A Christmas Meditation

I have been pastoring for 31 years now, and have probably written 80-90 Christmas sermons.  Sometimes it's hard not to repeat things, although Scripture makes it clear that "reminders" are to be the norm for the Christian (just do a concordance search for the words "remind" and "reminder").  Last year I did a series on "Christmas in Isaiah" (a study that I greatly enjoyed).  This year my thoughts return to the Christmas story in Luke--specifically the announcement to Mary and her stunning response recorded in Luke 1:38, "Behold, the bondslave of the Lord; may it be done to me according to your word."  

This Sunday (Dec 4) we're going to reflect on the backstory that accompanies this declaration.  Mary had her life planned out in the way we all nurture future expectations.  I would speculate that her plans included these points:

1. I will marry Joseph the Carpenter.

2. I will have several children.

3. I will build friendships with other women in Nazareth.

4. I will enjoy a reasonably long life, hopefully with Joseph, our children, and our grandchildren--whose lives will be relatively free from trouble (I have to add this, because every parent desires it).

5. I will be respected in the community where I build my life (If we fantasize a bit, she might have thought, "I love weddings.  One day maybe I'll plan weddings and involve my children on the beverage side!").

Whatever she might have included on her list, Mary would certainly have expectations and hopes for her life.  And then, the angel showed up.  And God the Spirit implanted the divine Seed within her.  Her statement of submission ("be it done to me") is one of the most potentially costly statements of commitment to God's will contained in the Bible.  How would this commitment derail all her plans--at least as far as she knew?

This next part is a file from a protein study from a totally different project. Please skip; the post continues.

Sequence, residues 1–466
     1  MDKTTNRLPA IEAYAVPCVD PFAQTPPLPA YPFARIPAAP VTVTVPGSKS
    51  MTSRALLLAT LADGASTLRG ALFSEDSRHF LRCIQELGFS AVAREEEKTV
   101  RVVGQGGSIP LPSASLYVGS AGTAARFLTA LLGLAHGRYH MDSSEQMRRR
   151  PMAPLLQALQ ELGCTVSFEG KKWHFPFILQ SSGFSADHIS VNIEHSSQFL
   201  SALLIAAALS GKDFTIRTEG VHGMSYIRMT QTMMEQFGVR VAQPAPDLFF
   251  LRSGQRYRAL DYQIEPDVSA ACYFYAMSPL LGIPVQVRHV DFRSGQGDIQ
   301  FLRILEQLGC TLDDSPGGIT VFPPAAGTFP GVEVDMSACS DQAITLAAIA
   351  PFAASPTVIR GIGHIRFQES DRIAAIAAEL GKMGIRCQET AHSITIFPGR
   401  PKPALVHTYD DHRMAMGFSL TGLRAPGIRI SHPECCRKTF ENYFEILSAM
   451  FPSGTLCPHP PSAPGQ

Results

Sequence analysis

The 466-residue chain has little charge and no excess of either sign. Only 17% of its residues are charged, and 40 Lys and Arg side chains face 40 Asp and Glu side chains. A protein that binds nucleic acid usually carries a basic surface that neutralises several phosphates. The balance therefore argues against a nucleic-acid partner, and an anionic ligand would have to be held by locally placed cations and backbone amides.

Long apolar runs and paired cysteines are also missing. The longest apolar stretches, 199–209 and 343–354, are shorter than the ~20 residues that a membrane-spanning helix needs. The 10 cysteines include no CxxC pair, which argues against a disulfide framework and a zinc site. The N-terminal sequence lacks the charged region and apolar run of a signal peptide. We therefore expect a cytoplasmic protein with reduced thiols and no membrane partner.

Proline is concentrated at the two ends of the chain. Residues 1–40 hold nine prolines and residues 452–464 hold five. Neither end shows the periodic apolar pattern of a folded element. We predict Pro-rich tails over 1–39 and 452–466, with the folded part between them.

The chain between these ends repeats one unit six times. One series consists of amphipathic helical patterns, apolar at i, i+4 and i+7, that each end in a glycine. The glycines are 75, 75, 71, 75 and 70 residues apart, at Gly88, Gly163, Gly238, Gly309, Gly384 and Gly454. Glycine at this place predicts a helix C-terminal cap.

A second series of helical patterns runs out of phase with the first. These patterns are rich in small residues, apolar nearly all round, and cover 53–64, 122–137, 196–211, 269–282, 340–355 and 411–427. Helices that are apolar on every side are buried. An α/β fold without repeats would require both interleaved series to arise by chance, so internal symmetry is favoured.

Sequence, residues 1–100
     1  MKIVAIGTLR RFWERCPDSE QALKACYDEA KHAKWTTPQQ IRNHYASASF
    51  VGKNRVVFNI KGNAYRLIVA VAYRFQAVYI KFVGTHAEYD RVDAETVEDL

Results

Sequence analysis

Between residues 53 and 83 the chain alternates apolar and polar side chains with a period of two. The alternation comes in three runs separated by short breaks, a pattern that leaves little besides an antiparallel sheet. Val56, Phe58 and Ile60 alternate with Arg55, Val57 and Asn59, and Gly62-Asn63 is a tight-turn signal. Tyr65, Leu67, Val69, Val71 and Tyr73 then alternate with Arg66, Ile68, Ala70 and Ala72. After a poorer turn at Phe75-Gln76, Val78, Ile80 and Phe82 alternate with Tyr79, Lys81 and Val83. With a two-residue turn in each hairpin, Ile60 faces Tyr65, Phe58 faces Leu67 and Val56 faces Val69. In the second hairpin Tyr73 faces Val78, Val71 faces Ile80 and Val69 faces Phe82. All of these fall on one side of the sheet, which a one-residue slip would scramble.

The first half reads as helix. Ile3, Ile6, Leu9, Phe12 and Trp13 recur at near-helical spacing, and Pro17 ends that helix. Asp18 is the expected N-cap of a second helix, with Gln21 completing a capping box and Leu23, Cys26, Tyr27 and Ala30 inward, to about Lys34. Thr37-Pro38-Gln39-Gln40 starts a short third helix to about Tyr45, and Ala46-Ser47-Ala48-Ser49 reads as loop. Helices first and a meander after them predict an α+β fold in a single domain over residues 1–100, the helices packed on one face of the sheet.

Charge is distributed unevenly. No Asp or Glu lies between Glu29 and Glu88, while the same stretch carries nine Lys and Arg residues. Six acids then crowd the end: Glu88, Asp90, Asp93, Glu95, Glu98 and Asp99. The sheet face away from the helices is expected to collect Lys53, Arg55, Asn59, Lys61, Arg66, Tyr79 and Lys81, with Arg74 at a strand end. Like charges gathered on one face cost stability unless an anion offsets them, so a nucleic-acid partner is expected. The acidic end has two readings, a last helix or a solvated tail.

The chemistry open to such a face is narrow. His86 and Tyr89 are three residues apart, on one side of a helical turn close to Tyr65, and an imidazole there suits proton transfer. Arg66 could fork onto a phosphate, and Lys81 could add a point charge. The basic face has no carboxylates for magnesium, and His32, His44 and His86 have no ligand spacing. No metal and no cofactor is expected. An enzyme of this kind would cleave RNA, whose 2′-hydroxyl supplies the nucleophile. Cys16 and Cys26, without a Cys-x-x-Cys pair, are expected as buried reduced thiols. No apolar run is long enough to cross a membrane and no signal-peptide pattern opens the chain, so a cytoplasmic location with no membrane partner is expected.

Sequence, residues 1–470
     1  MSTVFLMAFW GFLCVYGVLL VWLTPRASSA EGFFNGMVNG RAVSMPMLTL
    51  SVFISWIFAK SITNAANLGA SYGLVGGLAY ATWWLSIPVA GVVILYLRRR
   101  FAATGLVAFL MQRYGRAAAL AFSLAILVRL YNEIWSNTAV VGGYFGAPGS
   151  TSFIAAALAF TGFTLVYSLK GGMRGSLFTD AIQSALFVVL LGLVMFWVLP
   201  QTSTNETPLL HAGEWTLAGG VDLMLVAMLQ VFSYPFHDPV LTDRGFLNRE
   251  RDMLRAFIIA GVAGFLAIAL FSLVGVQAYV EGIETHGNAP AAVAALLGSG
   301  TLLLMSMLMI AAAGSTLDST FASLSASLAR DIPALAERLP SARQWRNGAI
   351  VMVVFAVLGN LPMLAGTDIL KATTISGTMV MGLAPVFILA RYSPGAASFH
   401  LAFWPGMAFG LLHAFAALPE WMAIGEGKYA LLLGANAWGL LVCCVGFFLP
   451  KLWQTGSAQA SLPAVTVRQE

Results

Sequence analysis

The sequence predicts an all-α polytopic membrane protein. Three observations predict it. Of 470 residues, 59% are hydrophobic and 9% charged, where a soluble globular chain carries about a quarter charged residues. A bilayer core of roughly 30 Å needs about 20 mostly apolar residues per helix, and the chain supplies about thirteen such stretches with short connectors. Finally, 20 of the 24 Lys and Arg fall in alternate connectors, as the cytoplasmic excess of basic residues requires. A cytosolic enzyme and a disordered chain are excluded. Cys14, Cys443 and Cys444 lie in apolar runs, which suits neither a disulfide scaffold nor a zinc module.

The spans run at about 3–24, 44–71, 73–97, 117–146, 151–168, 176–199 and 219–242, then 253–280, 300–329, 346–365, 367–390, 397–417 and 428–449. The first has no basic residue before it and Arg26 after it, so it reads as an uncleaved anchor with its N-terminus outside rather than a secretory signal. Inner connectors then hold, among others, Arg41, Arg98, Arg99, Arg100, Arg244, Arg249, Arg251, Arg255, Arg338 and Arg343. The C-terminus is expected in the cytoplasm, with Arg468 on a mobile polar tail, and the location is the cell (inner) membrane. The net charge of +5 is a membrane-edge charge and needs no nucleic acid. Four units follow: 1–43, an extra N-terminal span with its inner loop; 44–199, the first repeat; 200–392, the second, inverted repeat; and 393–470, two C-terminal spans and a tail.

1. Marriage to Joseph?  No; he would refuse her now.

2. Future children?  No.  Marriage would be out of the question.  No one else would have her. 

3. Friendships with other women?  No; she would be a moral outcast.

4. Future happy family life?  No; she was yielding those dreams.

5. Future respect?  No.  In fact, after the baby was born, she might be stoned as an adulteress.

Sometimes you face a decision that becomes a watershed moment, in which your decision so defines your life that nothing after that moment will ever be the same. You may not be young like Mary, you may be old.  You may be either male or female.  You may be married or single.  It doesn’t matter.  God steps in and touches our lives in ways we never expect.  He takes our "list" and then erases some things, and maybe adds other things.  Have you ever had a defining moment that set the course for everything that followed after?

What’s on your list?  I know you have one--whether it's articulated or not, we all have certain expectations for the future.  So how will you react when God messes with your personal agenda and changes your list?  We don't know what He will bring into our lives...

o  It may be an amazing opportunity. 

o  It may be the ravages of a disease. 

o  It may be financial hardship. 

o  It may be a financial windfall. 

o  It may be problems in your marriage that you didn’t expect to show up. 

o  It may be a child that rises to national prominence in a wonderful way you didn’t expect (like Mary's son, Jesus)

o  It may be a child that rises to national prominence in an awful way, with tragic consequences, that you would never wish on your child (again, like Mary's son, Jesus)

God had a bigger plan, an eternal plan, for Mary's personal agenda: her son, God's Son, came to redeem all who place their faith in Him.  Including Mary.

When you come to your own defining moment, how will you respond?  Really, for a believer, it comes down to one response: “Lord, I’m yours. Use me.”  In Mary’s terminology, Behold, the bondslave of the Lord; may it be done to me according to your word."